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Economists sound the alarm on negative long-term consequences of protectionism

WU Pro­fess­ors Har­ald Badinger, Je­sus Crespo Cuaresma, and Har­ald Ober­hofer are deeply con­cerned about re­cent devel­op­ments like the USA’s with­drawal from the Trans-Pa­ci­fic Part­ner­ship, Theresa May’s plans for a “hard Brexit,” and the Aus­trian pop­ular peti­tion against the TTIP, CETA, and TISA trade agree­ments. They stress that free trade is one of the fun­da­mental freedoms and has brought more ad­vant­ages than dis­ad­vant­ages, espe­cially for the Aus­trian economy.

Over the past few dec­ades, Aus­tria has be­nefited massively from its mem­ber­ship in the European single mar­ket and the European Free Trade As­so­ci­ation, the fall of the Iron Cur­tain, and its ac­ces­sion to the EU. Trade has in­creased, ex­ports have out­grown im­ports, new jobs have been cre­ated, and Aus­tria’s per cap­ita in­come has gone up. In 1995, Aus­tria’s ex­ports ac­coun­ted for 33.6% of the coun­try’s total na­tional value ad­ded. By 2015, this fig­ure had risen to 53.4%, while Aus­tria’s im­ports as a share of GDP only in­creased from 34.8% to 48.9% over the same period. Model cal­cu­la­tions also sug­gest that EU mem­ber­ship has boos­ted Aus­tria’s eco­nomic growth rates by 0.5 to 1% per year. This ad­di­tional in­come is avail­able for spend­ing on do­mestic con­sump­tion and also im­ports, which play an im­port­ant role for the Aus­trian economy due to the coun­try’s small size. With its lim­ited re­sources, Aus­tria has to im­port a wide vari­ety of products from abroad, for in­stance cell phones, cars, and many other goods. Pro­fess­ors Har­ald Badinger, Je­sus Crespo Cuaresma, and Har­ald Ober­hofer of WU’s De­part­ment of Eco­nom­ics all agree that free trade of­fers many eco­nomic ad­vant­ages, and they warn against ex­cess­ive pro­tec­tion­ist meas­ures in­ten­ded to shield off non-­com­pet­it­ive in­dus­tries.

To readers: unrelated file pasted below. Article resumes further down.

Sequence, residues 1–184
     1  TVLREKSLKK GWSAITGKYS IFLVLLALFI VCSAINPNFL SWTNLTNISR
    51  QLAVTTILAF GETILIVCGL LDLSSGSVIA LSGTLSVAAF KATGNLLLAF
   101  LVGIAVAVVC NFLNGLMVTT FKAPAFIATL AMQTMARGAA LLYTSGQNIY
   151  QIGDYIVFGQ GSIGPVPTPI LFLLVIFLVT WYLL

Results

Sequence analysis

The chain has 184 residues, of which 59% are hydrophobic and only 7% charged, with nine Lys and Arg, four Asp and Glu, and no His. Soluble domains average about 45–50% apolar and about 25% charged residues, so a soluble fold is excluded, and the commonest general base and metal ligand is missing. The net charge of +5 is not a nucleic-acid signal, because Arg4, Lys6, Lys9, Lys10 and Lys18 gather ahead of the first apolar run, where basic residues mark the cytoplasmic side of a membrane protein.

Con­sumers be­ne­fit the most

Par­tic­u­larly con­sumers profit from free trade in many ways: It in­creases the range of products avail­able in stores and stim­u­lates com­pet­i­tion, which leads to lower prices. “It’s es­sen­tial to make sure that con­sumers have a free choice: We need com­pre­hens­ive la­beling re­quire­ments to en­sure that people only buy the products they really want to buy and that meet their ex­pect­a­tions. Even without any reg­u­la­tion at all, stand­ards will only drop if there is a de­mand for lower stand­ards,” the WU pro­fess­ors point out.

Com­pet­it­ive­ness as a cru­cial factor

If com­pan­ies are un­able to with­stand the pres­sures of free trade, usu­ally this means that they are not com­pet­it­ive enough. Crespo Cuaresma, Badinger, and Ober­hofer ar­gue that these prob­lems are not gen­er­ally caused by mar­ket lib­er­al­iz­a­tion per se but rather by a lack of com­pet­it­ive­ness. “Of course, polit­ical meas­ures can be im­ple­men­ted to pro­tect non-­com­pet­it­ive in­dus­tries and keep them alive for some time – as is cur­rently be­ing at­temp­ted in the USA, for in­stance. In the long term, however, such moves to isol­ate mar­kets will stifle in­nov­a­tion and dis­cour­age in­creases in ef­fi­ciency, which will lead to higher prices for con­sumers. These meas­ures are also un­able to save jobs in these in­dus­tries in the long run,” the econom­ists point out.

A drop in global poverty

The WU re­search­ers dis­agree with the ar­gu­ment that free trade leads to the ex­ploit­a­tion of poorer econom­ies and that these coun­tries ne­ces­sar­ily find them­selves on the los­ing end of free trade. The dir­ect link between in­ter­na­tional trade and per cap­ita in­come shows that the in­crease in global trade volumes has con­trib­uted to a drop in global (ab­so­lute) poverty over the past few dec­ades. Re­cent cal­cu­la­tions in­dic­ate that ex­pand­ing the trade volume by one per­cent re­l­at­ive to the total value ad­ded leads to an aver­age re­duc­tion in ab­so­lute poverty by 0.17%. Lower­ing cus­toms du­ties by one per­cent on aver­age res­ults in a 0.4% drop in the amount of people liv­ing below the ab­so­lute poverty line.



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